Neural Information Processing (BMEN90002)
Graduate courseworkPoints: 12.5On Campus (Parkville)
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Prof. David Grayden
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This subject introduces students to the basic mechanisms of information processing and learning in the brain and nervous system. The subject builds upon signals and systems modelling approaches to demonstrate the application of mathematical and computation modelling to understanding and simulating neural systems. Aspects of neural modelling that are introduced include: membrane potential, action potentials, neural coding, neural models and neural learning. The application of neural information processing is demonstrated in areas such as: electrophysiology, and neuroprostheses. Material is reinforced through MATLAB and/or NEURON based laboratories.
Neural information processing analysed using information theoretic measures; generation and propagation of action potentials (spikes); Hodgkin-Huxley equations; coding and transmission of neural information (spiking rate, correlation and synchronisation); neural models (binary, rate based, integrate & fire, Hodgkin-Huxley, and multicompartmental); synaptic plasticity and learning in biological neural systems (synaptic basis of learning, short term, medium term and long term, and rate based Hebbian learning models); spike-timing dependent plasticity (STDP) of synapses; higher order neural pathways and systems (cortical structure and circuits).
Intended learning outcomes
INTENDED LEARNING OUTCOMES (ILOs)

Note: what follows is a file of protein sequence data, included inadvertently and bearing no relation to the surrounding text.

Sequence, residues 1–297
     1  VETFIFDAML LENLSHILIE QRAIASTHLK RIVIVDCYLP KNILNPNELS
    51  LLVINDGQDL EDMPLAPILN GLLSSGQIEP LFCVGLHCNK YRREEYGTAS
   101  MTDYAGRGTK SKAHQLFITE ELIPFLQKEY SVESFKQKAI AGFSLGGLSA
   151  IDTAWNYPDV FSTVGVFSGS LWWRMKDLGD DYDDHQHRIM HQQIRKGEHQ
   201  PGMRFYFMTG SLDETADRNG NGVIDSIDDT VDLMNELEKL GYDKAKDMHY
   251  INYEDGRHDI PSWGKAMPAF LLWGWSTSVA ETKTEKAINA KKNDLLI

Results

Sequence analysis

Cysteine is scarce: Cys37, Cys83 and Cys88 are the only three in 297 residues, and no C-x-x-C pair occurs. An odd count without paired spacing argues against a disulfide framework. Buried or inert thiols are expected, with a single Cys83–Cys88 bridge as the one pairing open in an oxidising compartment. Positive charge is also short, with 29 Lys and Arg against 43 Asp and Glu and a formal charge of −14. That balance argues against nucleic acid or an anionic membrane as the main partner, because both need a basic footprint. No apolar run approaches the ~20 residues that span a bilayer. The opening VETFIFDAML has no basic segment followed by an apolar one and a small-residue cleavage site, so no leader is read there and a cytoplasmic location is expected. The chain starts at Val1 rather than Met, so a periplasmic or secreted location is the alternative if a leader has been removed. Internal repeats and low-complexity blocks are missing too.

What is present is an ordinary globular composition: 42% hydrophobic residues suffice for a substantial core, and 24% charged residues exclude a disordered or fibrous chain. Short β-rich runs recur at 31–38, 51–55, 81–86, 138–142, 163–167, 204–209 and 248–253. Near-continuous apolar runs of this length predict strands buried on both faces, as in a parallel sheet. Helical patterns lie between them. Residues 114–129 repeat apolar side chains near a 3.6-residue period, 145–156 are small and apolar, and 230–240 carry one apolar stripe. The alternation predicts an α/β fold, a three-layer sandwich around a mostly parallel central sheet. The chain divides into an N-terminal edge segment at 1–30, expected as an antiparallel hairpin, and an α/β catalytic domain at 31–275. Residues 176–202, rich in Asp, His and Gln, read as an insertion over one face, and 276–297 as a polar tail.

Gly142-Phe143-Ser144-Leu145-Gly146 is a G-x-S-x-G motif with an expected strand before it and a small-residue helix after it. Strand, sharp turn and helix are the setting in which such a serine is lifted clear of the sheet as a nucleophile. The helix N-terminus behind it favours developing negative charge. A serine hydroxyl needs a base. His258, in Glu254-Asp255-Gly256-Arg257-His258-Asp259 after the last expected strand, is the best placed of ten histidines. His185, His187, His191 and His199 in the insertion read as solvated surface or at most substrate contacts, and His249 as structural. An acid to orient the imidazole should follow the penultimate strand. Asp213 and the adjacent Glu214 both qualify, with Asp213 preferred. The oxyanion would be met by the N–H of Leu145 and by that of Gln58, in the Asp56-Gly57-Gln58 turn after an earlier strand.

On successful completion of this subject, students should be able to:
1 - describe the structure and function of the nervous system;
2 - calculate equilibrium neural properties;
3 - describe the types and properties of synapses;
4 - describe the membrane mechanisms underlying the generation of action potentials;
5 - interpret neural responses in terms of point processes (Poisson);
6 - evaluate neural processing using information theoretic measures;
7 - implement and analyse the input-output characteristics of simple and biologically-detailed neural models;
8 - describe the principles underlying the analysis of biological neural signals;
9 - describe the mechanisms underlying learning in the brain and nervous system;
10 - describe higher-order neural pathways and systems.
On completion of this subject, students should have developed the following generic skills:
- Ability to apply knowledge of science and engineering fundamentals.
- Ability to undertake problem identification, formulation, and solution.
- Ability to utilise a systems approach to complex problems and to design and operational performance.
- Ability to conduct an engineering project.
Last updated: 3 November 2022